Tuesday, May 15, 2012

Meet Ashley, the Mail Order Companion! (Takamine EG523SC Review)

Well, it's been a long time coming. I've been desiring a stage-worthy second jumbo guitar to accompany me on stage so I don't have to retune as many times during my sets and eventually settled on this beauty.

Photo: Jemarc A.

While the photo above doesn't portray my joy, I was as giddy as a playing puppy. But enough about my excitement. I'm here to provide answers to the questions I had before I bought it. Yes! I committed the sin of buying a guitar without playing it first! Did it pay-off?

Standing at attention.


Acoustic sound is important to me. The best pickups can't fix mediocre tone. Those familiar with my music know I play a lot of percussive fingerstyle. I like big, crisp sound. For a guitar in this price range, it sounds pretty decent. It's no sound canon, but it's no slouch either and can easily be heard outdoors amidst ambient foot traffic noise. I wouldn't mind more brilliance to the sound, but I've already put many hours of love into the strings this week, so it's probably about time to change them.

For drumming, the Takamine EG523SC has as tight-sounding body. The natural gloss finish is great for getting scratchy sounds. Overall, the body feels pretty sturdy. Bass drum hits aren't terribly boomy but sound alright. The preamp is placed at one of my favorite drumming spots, so that plus the cutaway is forcing me to find some new ways to approach guitar drumming.

The tuners definitely leave much to be desired. Even with the strings properly stretched and the guitar set to a temperature-neutral room, the stock devices don't hold the guitar in tune. Tuners will probably be my first upgrade for this guitar. The action is a tad on the low side for my preferences, but the truss rod adjusted smoothly and easily. I still have a bit more tweaking to do to dial it to my preference. [Note: I have since installed new tuners (Grover 106s), and I'm much happier with the on board tuner and the guitar's ability to hold its notes, even in alternate tunings.]

I'd also like to note that this guitar was my first time ever encountering a subtle, ringing sound that Antoine Dufour cites as the reason he keeps a handkerchief tied to the headstock of his guitar. I just might have to join him in his method to mute this phenomenon!

Ashley's lovely backside.


This is a field where I'm not much of an expert. I can say that the tuner isn't all too accurate, but it's a nice function to have nevertheless. It's chromatic and gets in the ballpark. Then again, maybe new tuning mechanisms will help. [As noted above, they did. A lot.] The EQ works nicely and provides a variety of tones. The pickup system sounds fairly natural, but it doesn't pick-up on body vibrations as much as I'd like. I plan on installing some trusty K&K's in the near future and running a setup similar to the Shadow systems Epiphone and Gibson uses. [I have the K&K's but am going to need tools I don't have at the moment to install them. Because of the way the guitar is built and wired, the instructions aren't terribly useful and necessitate some MacGyver-ing.]

That said, the pickup and preamp provide good dynamic range without being too punchy. The knobs work well, and everything is located in a convenient place. The 9V battery slot works like a dream, especially compared to the messy K&K Ultra Pure system I installed on my Alvarez AJ60S. For conventional guitar playing, this is a pretty convenient stage setup. If you like doing a lot of tinkering with electronics, the Takamine system has a bit of an unconventional build requiring some creativity when adjustments.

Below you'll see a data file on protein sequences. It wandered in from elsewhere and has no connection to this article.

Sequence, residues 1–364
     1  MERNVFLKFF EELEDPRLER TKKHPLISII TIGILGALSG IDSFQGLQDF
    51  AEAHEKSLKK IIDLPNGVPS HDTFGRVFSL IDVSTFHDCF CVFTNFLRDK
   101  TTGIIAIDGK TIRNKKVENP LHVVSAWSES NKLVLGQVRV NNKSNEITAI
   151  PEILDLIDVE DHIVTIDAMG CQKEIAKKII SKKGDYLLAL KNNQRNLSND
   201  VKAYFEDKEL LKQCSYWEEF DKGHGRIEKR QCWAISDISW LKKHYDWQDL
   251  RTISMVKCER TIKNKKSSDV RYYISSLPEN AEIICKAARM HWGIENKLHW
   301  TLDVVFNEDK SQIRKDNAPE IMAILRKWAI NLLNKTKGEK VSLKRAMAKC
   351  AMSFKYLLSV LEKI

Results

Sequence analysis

I'm used to playing on jumbos, but people have remarked that this is a very big feeling guitar. I was hoping that the bass frequencies would be more boomy than they are, but I'm hoping that it'll improve as the guitar gets played more and broken-in over time. I didn't notice it when I took the pictures, but the top nut is poorly designed. The grooves for the strings are uniform in size such that the larger strings sit on top of the gap instead of inside them. I'll probably have to sand them later so the fit is better.

On a lot of reviews, people complained that the action was high. However, I think it's more a matter of adjusting the truss rod so the neck is properly aligned (there are plenty of videos that detail how to do this, but if you're not comfortable doing it, have a professional set it). Ashley showed up with a crooked neck but was much more playable after going chiropractor on her, even with the 13-56 gauge strings I use.

It's nice to have a guitar that doesn't need end pins to secure the strings; I'm clumsy and tend to drop/lose things easily. However, restringing is a little cumbersome since the tips of the strings tend to get caught in the grain of the wood. It's not a big deal, but I would imagine that it could be frustrating in the dark, back stage of a venue if you don't have a screwdriver or pen to help guide the string along. 

Later, I'll upload some sample recordings of the pure acoustic sound and the plugged-in sound. That won't be for at least another week or so. I've logged many hours of play and even got some performing in with this Takamine EG523SC, and I'm really digging it as a workhorse guitar, especially after getting good tuning mechanisms and my preferred string gauges installed. I still like the sound of my cheaper Alvarez AJ-60S more, but seeing how it's currently out of commission due to a broken pickup, this will do just fine, especially once I install the second set of pickups. The finish is thin, so clumsy blokes like myself be aware: the guitar will dent easily!

The Breakdown
+ Pickups sound nice. Chromatic tuner, 3-band EQ, volume, notch filter (used to fight feedback), and EQ signal cancel.
+ Battery and string replacement a breeze.
+ Strumming sounds great: full and vibrant for a guitar in this price range.
+ Cutaway provides comfortable, easy access to the top frets.